Hospital budget raises concerns

Community member believes TMH spends too much on advertising


Daily Press writer
This year, The Memorial Hospital has spent $87,000 on advertising, and is budgeted to spend $93,000 by the end of 2001.
Some members of the community say this advertising expense by TMH is too much. But, hospital spokespeople argue that without advertising, the community will be unaware of hospital wellness programs.
At the November Board of Trustees meeting, TMH community relations director Pam Thompson argued that compared to hospitals throughout the nation, TMH's advertising budget is conservative. And money spent on advertising is designed to promote health throughout Moffat County.
In a Powerpoint presentation, Thompson outlined how TMH budgets .6 percent of its gross revenue for advertising, compared to 2 percent of the gross revenue spent by several other hospitals.
These include Yampa Valley Medical Center, Vail Medical Center, Rangely Hospital and Parkview Medical Center, according to Thompson.
If TMH were to use 2 percent of its gross revenue, it would spend $265,000 per year on advertising $172,000 more than it currently spends.
Community member John Ponikvar, who spoke at a board meeting earlier this fall regarding his concerns about the hospital's advertising budget, still believes TMH is spending too much on advertising. In fact, he said the hospital shouldn't be doing any advertising at all.
"Why don't they take that $90,000 and provide health care to people who can't afford any?" he said. "The hospital is the number one advertiser in the community, and it is a tax-supported entity. I think it's ridiculous that a tax-funded monopoly would spend that kind of money on advertising."
Ponikvar said that a good hospital will bring patients in without any kind of advertising.
"Word of mouth will support a good hospital. They already know they're losing 50 percent to Steamboat. They need to look at this and ask why that is. Is it because they're not providing what people need?"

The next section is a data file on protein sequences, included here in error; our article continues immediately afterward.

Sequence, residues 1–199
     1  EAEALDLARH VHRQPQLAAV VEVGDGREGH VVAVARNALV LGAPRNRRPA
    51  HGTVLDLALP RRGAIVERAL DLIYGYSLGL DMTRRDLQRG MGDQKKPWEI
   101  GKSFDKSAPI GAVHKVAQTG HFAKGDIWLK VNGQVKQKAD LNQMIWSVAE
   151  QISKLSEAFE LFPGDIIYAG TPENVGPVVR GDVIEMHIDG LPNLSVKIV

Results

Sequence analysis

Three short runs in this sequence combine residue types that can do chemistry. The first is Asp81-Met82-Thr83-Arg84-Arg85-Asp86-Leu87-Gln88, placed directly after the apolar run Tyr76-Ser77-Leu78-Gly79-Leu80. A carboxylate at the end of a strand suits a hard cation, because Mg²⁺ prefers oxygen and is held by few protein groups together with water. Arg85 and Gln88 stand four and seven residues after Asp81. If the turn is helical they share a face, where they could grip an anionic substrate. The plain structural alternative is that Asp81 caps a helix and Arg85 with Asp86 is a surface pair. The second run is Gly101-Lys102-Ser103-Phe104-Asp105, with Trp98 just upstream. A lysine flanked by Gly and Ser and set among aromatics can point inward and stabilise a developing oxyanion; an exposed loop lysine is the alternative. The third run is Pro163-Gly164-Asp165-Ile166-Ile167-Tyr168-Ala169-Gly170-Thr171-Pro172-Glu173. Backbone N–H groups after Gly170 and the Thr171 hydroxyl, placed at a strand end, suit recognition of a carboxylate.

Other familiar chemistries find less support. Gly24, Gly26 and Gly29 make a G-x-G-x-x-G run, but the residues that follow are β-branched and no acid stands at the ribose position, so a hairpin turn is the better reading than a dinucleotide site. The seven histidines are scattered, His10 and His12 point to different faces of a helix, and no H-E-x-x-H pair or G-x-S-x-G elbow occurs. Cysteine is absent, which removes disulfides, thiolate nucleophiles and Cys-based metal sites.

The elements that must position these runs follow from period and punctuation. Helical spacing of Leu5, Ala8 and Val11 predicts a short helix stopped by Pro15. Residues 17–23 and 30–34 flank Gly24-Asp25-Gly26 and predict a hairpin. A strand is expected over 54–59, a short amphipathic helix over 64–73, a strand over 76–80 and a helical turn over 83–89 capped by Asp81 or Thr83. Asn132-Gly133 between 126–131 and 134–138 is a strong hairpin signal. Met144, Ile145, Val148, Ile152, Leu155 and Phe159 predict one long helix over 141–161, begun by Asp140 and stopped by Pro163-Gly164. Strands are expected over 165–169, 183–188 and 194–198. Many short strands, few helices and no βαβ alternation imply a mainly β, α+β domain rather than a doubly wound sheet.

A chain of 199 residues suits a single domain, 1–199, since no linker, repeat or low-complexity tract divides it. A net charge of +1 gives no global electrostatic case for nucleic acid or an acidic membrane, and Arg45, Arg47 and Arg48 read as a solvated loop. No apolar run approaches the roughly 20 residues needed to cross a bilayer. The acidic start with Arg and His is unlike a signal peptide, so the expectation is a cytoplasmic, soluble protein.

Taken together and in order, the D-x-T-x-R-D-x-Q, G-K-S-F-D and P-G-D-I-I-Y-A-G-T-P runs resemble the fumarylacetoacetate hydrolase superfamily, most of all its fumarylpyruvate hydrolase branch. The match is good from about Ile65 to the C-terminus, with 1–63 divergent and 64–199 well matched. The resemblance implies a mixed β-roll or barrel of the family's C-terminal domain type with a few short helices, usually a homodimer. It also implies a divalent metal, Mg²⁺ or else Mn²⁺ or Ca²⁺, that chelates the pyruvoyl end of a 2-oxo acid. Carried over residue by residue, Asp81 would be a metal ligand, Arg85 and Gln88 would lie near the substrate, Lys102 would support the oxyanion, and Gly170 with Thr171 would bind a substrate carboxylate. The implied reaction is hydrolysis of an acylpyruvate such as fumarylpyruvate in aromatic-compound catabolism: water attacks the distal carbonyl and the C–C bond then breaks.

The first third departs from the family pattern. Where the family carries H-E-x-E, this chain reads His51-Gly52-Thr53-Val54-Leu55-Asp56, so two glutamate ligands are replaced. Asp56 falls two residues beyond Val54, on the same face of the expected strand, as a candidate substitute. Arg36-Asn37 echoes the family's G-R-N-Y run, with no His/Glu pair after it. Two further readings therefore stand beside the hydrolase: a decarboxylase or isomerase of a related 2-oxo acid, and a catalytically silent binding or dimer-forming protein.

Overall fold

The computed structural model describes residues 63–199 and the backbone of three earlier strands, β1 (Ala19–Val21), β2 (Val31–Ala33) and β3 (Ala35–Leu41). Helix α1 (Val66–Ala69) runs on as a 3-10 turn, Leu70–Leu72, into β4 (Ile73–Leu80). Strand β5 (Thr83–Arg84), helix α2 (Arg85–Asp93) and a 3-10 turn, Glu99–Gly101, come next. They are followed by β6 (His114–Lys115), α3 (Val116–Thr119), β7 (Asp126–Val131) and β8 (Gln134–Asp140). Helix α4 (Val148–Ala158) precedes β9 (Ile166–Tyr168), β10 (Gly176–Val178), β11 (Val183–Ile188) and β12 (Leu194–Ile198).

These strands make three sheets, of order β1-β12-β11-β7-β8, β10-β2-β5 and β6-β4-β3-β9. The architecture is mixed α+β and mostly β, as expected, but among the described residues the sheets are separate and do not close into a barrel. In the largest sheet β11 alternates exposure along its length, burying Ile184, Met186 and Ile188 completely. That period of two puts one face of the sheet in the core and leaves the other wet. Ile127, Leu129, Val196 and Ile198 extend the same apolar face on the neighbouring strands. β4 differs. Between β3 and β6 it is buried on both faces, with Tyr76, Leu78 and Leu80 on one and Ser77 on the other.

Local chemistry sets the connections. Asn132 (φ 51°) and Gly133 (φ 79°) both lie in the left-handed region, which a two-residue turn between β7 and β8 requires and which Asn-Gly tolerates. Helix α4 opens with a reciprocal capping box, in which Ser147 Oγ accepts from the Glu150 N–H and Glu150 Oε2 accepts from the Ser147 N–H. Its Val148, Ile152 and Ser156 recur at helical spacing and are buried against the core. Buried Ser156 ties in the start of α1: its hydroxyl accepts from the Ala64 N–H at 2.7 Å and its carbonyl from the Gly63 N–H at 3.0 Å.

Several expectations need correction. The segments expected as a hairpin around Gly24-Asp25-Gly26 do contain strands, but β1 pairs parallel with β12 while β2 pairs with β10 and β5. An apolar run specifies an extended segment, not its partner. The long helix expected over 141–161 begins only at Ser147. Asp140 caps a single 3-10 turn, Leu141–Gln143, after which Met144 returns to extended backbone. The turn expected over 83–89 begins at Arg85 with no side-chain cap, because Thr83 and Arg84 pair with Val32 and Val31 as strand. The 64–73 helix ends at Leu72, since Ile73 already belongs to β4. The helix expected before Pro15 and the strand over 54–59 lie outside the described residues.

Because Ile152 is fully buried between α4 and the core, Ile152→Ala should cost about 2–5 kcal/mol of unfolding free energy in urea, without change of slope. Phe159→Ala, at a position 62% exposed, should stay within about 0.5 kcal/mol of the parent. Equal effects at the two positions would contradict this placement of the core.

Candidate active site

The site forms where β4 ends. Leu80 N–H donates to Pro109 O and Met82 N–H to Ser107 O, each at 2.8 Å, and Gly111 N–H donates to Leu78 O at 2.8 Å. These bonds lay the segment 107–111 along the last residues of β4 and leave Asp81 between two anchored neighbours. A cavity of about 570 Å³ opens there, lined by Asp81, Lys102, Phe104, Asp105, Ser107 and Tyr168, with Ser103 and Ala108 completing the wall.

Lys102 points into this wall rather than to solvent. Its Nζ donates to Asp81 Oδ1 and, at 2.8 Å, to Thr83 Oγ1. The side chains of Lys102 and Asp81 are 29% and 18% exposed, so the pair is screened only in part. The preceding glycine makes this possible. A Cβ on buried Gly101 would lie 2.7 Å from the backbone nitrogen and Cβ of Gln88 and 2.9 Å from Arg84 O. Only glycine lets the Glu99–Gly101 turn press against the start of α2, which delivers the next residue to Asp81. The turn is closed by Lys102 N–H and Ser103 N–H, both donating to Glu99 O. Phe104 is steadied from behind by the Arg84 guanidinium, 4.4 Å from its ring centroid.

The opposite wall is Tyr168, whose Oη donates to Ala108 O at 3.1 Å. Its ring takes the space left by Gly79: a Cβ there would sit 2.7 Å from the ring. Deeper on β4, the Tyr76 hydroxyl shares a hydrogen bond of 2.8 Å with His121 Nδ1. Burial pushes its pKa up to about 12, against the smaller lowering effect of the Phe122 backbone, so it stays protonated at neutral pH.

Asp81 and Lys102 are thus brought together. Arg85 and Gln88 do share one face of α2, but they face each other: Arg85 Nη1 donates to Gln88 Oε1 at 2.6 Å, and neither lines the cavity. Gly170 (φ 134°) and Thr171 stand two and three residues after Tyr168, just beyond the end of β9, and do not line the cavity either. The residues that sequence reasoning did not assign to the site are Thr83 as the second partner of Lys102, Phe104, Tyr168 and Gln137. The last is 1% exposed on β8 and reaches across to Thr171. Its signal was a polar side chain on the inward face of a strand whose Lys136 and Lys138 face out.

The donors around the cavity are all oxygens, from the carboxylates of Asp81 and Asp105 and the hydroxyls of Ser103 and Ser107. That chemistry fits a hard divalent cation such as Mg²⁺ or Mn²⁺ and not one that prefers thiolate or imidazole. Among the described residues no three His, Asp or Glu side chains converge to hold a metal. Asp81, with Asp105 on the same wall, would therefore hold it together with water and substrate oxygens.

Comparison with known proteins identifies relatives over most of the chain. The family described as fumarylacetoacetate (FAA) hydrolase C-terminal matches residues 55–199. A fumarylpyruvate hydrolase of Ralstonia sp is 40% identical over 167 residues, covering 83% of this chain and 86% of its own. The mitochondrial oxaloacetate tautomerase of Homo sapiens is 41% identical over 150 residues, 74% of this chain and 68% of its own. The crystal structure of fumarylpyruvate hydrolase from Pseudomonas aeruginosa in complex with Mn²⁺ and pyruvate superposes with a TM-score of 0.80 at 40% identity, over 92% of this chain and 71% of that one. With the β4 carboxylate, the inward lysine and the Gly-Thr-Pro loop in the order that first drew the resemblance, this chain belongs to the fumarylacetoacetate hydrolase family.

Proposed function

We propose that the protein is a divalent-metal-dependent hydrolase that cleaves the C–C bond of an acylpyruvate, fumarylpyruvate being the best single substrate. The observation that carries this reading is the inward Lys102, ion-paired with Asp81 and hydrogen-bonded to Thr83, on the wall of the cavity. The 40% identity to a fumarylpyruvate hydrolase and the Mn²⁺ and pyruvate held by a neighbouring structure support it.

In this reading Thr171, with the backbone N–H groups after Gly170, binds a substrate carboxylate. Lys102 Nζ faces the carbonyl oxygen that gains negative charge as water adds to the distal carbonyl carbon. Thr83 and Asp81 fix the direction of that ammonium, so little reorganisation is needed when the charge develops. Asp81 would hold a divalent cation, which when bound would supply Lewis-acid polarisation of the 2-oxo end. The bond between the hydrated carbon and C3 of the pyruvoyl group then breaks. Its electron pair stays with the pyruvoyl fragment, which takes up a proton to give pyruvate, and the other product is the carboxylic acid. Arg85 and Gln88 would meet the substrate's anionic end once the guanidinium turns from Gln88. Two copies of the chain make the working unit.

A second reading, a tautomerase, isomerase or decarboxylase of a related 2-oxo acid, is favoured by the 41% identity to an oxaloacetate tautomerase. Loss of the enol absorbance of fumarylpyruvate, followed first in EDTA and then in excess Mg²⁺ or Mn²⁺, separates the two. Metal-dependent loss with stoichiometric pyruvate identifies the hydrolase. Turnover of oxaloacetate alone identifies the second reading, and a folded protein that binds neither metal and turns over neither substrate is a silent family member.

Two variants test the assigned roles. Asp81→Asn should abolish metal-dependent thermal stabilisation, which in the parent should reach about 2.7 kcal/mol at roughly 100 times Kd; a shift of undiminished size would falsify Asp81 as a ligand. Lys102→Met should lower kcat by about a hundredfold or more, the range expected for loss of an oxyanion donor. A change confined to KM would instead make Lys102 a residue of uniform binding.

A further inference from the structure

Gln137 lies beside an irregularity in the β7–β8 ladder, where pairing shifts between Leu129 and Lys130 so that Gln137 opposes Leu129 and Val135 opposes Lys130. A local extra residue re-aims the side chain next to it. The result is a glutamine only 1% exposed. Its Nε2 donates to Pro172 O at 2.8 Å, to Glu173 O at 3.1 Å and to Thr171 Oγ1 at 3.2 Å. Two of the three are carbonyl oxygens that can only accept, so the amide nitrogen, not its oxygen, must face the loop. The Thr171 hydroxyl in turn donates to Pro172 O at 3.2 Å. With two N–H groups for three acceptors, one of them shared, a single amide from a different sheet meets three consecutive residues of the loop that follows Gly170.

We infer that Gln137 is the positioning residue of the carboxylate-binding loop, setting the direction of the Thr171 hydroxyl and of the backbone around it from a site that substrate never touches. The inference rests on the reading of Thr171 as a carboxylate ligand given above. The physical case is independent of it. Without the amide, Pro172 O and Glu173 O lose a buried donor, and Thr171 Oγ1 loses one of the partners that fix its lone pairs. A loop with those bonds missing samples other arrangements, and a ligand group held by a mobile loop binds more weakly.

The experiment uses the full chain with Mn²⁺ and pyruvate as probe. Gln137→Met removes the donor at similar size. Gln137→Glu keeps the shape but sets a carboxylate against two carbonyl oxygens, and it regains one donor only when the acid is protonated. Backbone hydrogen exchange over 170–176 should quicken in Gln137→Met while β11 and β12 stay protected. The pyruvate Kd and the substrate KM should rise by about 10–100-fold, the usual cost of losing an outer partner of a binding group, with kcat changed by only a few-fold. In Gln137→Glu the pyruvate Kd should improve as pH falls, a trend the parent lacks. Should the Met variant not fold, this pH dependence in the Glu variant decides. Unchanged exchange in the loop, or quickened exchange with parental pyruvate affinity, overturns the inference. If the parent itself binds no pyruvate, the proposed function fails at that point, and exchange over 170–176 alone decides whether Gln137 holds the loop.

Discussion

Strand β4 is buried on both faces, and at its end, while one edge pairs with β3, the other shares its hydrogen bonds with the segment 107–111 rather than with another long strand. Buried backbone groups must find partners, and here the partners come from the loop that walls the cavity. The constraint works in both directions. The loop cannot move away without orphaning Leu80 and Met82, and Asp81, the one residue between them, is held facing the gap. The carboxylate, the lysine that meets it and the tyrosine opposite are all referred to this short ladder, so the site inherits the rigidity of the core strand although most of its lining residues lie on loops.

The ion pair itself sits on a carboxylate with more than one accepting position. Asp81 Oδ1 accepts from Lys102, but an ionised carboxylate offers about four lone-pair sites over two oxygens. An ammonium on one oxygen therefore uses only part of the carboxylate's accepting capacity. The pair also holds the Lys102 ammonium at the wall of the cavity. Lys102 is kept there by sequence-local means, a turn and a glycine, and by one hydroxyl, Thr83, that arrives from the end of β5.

Thompson said, the purpose behind the advertising is misunderstood.
"We're not advertising asking people to come here," Thompson said. "We're advertising to promote community wellness. You're never going to see an ad that says 'please come to our hospital, we need your business.'"
Thompson cited several ad campaigns the hospital has conducted in recent months:
A yellow ribbon campaign in which suicide prevention was promoted in conjunction with Craig Mental Health.
An ad campaign promoting discounted mammograms provided by the hospital.
Informational ads regarding October's National Stroke Awareness Month.
Since the mammogram campaign began, Thompson said 384 women have come in to TMH to be tested.
"I think the advertising works," Thompson said. "The mass majority of people in the community appreciate what we do."
The breakdown of advertising expenses year to date for 2001 is:
Craig Daily Press, $35,000
KRAI Radio, $15,000
K27FM TV, $12,000
Yellow Pages, $10,000
Special Ads, $7,700
Newsletter, $3,000
Web Master, $2,500
On Hold Productions, $1,800
Forty percent of the hospital's advertising budget this year has been applied to newspaper advertising.
According to Thompson, other hospitals surveyed dedicate 55 percent of their budget to newspaper advertising.
Ponikvar said that he believes it does not matter what other hospitals do in regard to advertising.
"If these people want to jump off a cliff, do we have to follow?" he asked.
"I'm not sure the ads are making people feel good when they know the hospital is spending that kind of money."
He also said that a lot of tax dollars are being spent on advertising, instead of being used in other places.
"Ninety-three thousand a year comes out to $254.79 a day," he said. "And that doesn't include what the hospital is paying its community relations director."
Ponikvar doesn't believe the advertising is working.
"They did more advertising than ever last year, and their numbers are down," he said.
But Thompson argued that the ads are serving their purpose.
"We know it's a good hospital and we want people to come here, but we'd rather keep them away by helping them be healthy through wellness advertising campaigns," she said.

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